16th July 2023, Skopje – “The Government has never been the “opposing party” in the wage negotiations with the Unions, but rather a manager in the process towards finding the optimal outcome. Negotiations were driven by active participation of all stakeholders, but what was important was to offer adequate solution to the International Monetary Fund, so as for they to recognize the fiscal sustainability of the proposal, causing no pressure on macroeconomic stability”, Minister of Finance, Fatmir Besimi, wrote in his latest column, dedicated to the establishment of a system for indexing public sector wages to average wage. As the Minister emphasized, for the first time since the country’s independence, systemic solution for public sector wages has been agreed upon, which is in the interest of both the employees, with their wages continuously increasing, and the fiscal sustainability and maintaining macroeconomic stability.

“The crucial decision we reached last week is the systemic solution for indexing public sector wages to the average wage as per the nominal GDP growth. Starting March 2025, public sector wage will be indexed by multiplying the average wage by a relevant coefficient. Such step will provide for a realistic system of wages, in compliance with the labour market developments, which will be just and transparent for the whole public sector. Transition period for implementation of this solution will take around two years, quite sufficient considering it is a substantial reform requiring impeccable implementation of all related activities, including amendments to the respective legislation, the General Collective Agreement and defining the coefficient”, Besimi wrote, pointing out that we will most probably be the first country worldwide to index public sector wages to the average wage, thus ensuring a continuous wage adjustment by closely following the labour market developments and productivity.

Goal of the Government, as he wrote, is for wages to rise in both the public and the private sector, coupled by productivity growth and GDP growth. He also pointed out that over the past five years, considering the demands and the needs of the public sector, wages were increased in several instances throughout the whole public sector, as were the wages of education personnel, childcare staff, health institutions, judiciary and culture employees, Army of North Macedonia personnel, MoI and State Audit Office staff, IPA structures employees, state administration personnel, etc. Wages in the private sector also rose in the last 5 years, as notably evident from the data on average wage, which increased by 50% in the respective period.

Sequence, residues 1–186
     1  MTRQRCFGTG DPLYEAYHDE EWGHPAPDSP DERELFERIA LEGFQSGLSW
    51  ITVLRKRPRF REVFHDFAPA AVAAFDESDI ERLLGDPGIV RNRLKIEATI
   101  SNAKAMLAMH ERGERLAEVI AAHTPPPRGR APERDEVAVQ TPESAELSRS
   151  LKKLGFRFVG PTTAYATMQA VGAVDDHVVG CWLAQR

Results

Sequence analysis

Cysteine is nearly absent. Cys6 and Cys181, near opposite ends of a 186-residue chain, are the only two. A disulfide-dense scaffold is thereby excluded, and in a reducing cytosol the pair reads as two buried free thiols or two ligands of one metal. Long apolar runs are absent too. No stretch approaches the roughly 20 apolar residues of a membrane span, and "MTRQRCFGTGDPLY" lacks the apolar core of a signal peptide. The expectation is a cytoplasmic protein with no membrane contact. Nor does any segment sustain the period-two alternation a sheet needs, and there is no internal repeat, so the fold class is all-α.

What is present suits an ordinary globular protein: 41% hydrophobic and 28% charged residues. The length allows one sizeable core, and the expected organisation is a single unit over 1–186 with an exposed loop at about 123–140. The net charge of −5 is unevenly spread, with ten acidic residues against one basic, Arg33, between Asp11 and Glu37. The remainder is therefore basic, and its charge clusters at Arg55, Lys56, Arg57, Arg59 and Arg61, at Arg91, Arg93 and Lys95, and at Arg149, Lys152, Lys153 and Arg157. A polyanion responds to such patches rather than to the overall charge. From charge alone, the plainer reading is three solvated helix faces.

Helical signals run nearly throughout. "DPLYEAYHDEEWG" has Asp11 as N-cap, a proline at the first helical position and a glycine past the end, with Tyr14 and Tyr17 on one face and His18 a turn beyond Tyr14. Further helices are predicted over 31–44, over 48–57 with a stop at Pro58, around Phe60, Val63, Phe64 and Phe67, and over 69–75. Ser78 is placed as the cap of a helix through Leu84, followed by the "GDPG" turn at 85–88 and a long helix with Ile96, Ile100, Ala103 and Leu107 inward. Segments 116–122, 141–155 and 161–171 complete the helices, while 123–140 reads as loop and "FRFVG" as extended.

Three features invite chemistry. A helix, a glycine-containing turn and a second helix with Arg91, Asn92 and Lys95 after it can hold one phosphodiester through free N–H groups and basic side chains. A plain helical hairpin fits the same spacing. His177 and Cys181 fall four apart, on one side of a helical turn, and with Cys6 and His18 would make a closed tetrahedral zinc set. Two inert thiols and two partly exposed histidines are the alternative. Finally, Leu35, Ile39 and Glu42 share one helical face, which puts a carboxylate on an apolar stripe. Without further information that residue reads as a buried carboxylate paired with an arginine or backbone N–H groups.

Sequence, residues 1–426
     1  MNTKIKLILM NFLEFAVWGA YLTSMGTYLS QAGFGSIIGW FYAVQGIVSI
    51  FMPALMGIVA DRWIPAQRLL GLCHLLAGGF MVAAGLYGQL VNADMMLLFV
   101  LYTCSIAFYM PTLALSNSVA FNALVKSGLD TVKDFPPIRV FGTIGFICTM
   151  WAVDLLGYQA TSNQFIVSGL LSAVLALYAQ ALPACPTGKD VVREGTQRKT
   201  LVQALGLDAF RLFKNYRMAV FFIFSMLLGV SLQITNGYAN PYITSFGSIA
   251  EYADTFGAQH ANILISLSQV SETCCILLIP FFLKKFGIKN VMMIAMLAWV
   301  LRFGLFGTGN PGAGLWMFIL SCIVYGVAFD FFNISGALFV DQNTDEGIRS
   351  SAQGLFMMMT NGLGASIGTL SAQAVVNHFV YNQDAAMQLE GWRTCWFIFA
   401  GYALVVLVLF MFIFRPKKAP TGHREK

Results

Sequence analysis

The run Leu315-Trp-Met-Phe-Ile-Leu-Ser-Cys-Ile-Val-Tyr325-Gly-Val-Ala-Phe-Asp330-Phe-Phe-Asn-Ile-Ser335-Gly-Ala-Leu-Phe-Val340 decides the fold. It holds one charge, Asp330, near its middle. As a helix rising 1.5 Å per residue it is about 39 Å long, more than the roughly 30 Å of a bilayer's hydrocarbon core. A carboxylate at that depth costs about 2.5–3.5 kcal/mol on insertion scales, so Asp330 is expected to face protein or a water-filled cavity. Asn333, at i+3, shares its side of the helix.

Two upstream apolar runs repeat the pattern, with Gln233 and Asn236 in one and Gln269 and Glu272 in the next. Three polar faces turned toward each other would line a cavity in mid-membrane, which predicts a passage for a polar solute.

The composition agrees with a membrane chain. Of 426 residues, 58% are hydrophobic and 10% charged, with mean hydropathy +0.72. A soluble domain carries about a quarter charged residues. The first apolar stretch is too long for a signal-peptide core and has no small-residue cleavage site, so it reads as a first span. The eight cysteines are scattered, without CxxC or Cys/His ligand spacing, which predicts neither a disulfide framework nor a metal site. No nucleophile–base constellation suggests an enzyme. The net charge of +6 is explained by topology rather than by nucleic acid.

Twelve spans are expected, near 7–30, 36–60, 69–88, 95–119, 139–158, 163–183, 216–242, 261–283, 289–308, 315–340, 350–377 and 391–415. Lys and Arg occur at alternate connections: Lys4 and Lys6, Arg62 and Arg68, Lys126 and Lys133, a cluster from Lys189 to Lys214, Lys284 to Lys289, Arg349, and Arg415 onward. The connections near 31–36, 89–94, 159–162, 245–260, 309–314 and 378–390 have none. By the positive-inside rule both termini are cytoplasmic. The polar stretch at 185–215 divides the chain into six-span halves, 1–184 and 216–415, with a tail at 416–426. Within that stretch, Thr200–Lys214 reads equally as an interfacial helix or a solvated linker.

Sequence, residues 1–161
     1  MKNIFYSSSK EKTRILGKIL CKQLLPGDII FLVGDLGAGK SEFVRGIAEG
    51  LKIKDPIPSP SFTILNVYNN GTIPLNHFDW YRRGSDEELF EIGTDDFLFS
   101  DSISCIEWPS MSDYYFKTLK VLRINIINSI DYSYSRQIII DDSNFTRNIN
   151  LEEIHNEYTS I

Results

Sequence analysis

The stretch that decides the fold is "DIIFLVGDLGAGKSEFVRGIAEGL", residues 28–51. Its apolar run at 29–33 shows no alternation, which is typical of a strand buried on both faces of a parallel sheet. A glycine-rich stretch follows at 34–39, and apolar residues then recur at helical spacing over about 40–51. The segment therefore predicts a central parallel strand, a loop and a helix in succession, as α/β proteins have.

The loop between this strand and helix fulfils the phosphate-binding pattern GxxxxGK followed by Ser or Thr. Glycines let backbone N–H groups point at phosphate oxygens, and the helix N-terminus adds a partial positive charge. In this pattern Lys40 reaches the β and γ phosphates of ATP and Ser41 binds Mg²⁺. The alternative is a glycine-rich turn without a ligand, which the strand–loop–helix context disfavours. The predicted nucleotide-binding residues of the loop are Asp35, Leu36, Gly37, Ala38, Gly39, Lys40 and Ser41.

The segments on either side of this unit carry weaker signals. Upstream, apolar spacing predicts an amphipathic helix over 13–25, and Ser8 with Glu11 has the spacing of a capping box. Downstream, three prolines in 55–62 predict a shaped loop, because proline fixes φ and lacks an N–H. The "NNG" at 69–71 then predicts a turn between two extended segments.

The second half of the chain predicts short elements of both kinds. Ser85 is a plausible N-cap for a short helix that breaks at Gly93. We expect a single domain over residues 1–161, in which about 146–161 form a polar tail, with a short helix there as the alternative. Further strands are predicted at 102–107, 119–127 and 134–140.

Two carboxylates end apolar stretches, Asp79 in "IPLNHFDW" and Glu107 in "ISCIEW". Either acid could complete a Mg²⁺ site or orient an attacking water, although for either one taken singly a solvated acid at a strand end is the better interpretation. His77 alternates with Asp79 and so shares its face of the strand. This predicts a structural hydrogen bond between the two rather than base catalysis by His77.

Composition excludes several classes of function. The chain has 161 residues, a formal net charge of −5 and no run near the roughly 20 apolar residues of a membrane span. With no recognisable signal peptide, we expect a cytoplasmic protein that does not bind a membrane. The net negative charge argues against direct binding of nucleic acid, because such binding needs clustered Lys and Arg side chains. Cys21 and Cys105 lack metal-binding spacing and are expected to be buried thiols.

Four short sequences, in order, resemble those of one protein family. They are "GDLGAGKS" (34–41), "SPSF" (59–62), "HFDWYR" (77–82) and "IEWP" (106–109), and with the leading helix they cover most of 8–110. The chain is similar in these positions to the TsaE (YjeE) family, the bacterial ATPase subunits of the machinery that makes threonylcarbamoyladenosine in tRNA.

“Public sector, in particular the state administration, can and should be a key factor in making changes geared towards economic development happen. Public sector serves the private sector and it is its duty to ensure conditions for private sector development and competitiveness. Hence, optimization is necessary alongside with a system for decent valuing of public employees, i.e. a functional analysis for optimal utilization of capacities and improvement of quality of services offered by the public sector. Rationalization does not imply layoffs, but rather a well- devised program with favourable and attractive measures for redeploying the employees to the private sector, where high labour force demand already exists, on one hand, contributing to the competitiveness and the growth of the economy, on the other”, Besimi emphasized.

Under the solution the Government agreed upon together with the Unions, all public sector employees will have their wage increased by 10% with the September wage, after having their wages adjusted by 5% in March on the basis of the minimum wage. All public sector employees will be paid vacation allowance for 2023 in the amount of Denar 10,000 by the end of this year, whereby as of 2024 onwards, vacation allowance will be set in the amount of at least 30% of the average net wage under the General Collective Agreement.

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